SickWork and Office Space

SickWork and Office Space

WeWork now claims the accomplishment of being the number one occupier of office space in Manhattan based on square footage. The Wall Street Journal first reported this news noting the flexible co-working space provider leases 5.3 million square feet of office space. WeWork says with its lease of 258,344 square feet at 21 Penn Plaza  it has topped the 5.2 million square feet of office space that JPMorgan Chase owns or rents. WeWork became the largest private occupier of office space in London and Washington, DC, earlier this year.

Maybe it's time for SickWork, where doctors and other health professionals can rent office space by the month, or even by the day if they so choose. It may make sense for many reasons:

  1. The build your own brick and mortar model is collapsing under it's own weight as care migrates from hospitals to non-hospital based care delivery channels.

  2. Patients want convenience and a better experience. So do doctors.

  3. As the sick care workforce changes and evolves, BIG MEDICINE would have more flexibility to adapt without being burdened with BIG FIXED COSTS, just like all the other Fortune 500 companies using WeWork.

  4. Flex, open spaces are supposed to make collaboration and innovation easier. The fact that it does not is besides the point. Why should that reality spoil the innovation theater?

  5. More and more doctors want to work part-time, flex-time, job-share or do side gigs. Why pay for minutes you don't use?

  6. Sharing medical equipment and personnel makes a lot more sense than buying your own. I mean, who wants to buy all that telemedicine equipment that will be obsolete quicker than you can say artificial intelligence?

  7. Flex space makes it easier to cover the overhead when you are giving your employees more vacation time and bonuses instead of pay raises.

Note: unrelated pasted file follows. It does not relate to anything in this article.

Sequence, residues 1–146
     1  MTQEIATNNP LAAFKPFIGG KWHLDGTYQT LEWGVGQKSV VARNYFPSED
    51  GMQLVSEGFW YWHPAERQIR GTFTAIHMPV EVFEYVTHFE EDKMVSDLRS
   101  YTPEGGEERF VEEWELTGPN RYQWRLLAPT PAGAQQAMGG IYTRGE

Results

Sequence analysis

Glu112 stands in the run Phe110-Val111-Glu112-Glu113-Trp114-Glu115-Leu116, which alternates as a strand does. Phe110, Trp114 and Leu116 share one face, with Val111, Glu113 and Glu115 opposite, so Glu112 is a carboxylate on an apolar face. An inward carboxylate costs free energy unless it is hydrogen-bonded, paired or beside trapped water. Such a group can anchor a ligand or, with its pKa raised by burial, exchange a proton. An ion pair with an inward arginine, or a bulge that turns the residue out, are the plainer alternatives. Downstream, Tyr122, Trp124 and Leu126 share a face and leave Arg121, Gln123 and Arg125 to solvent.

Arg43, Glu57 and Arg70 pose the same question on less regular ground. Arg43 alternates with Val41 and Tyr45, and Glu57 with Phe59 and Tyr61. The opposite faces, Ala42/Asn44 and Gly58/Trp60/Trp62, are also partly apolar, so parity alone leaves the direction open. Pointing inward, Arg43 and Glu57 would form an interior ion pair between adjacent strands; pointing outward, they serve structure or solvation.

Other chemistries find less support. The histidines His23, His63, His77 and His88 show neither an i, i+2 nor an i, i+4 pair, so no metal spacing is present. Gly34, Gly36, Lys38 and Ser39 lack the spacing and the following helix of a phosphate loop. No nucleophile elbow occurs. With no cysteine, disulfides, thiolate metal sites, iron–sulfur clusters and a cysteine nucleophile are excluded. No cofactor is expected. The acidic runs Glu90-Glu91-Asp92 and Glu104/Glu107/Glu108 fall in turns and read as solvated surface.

8. All that free coffee might help lower the burnout rate.

  9. Since sick care can't be fixed from inside, maybe you will bump into some techie or finance person in the space next door who has already created a solution for your problem.

  10. Minipractices and alternative PCP models are popping up all over the place.

  11. All that empty mall space needs to be filled with something.

  12. Millennial docs want to live, work and play in the same innovation district.

Of course, one problem that can't be solved will be parking. But, since only 20% of us will own a car in 15 years anyway, the problem should go away if we just wait long enough...sort of like sickcare.

Arlen Meyers, MD, MBA is the President and CEO of the Society of Physician Entrepreneurs.

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  • Daniel Jeffery

    Good post

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Arlen Meyers, MD, MBA

Former Contributor

Arlen Meyers, MD, MBA is a professor emeritus of otolaryngology, dentistry, and engineering at the University of Colorado School of Medicine and the Colorado School of Public Health and President and CEO of the Society of Physician Entrepreneurs at He has created several medical device and digital health companies. His primary research centers around biomedical and health innovation and entrepreneurship and life science technology commercialization. He consults for and speaks to companies, governments, colleges and universities around the world who need his expertise and contacts in the areas of bio entrepreneurship, bioscience, healthcare, healthcare IT, medical tourism -- nationally and internationally, new product development, product design, and financing new ventures. He is a former Harvard-Macy fellow and In 2010, he completed a Fulbright at Kings Business, the commercialization office of technology transfer at Kings College in London. He recently published "Building the Case for Biotechnology." "Optical Detection of Cancer", and " The Life Science Innovation Roadmap". He is also an associate editor of the Journal of Commercial Biotechnology and Technology Transfer and Entrepreneurship and Editor-in-Chief of Medscape. In addition, He is a faculty member at the University of Colorado Denver Graduate School where he teaches Biomedical Entrepreneurship and is an iCorps participant, trainer and industry mentor. He is the Chief Medical Officer at and and Chairman of the Board at GlobalMindED at, a non-profit at risk student success network. He is honored to be named by Modern Healthcare as one of the 50 Most Influential Physician Executives of 2011 and nominated in 2012 and Best Doctors 2013.

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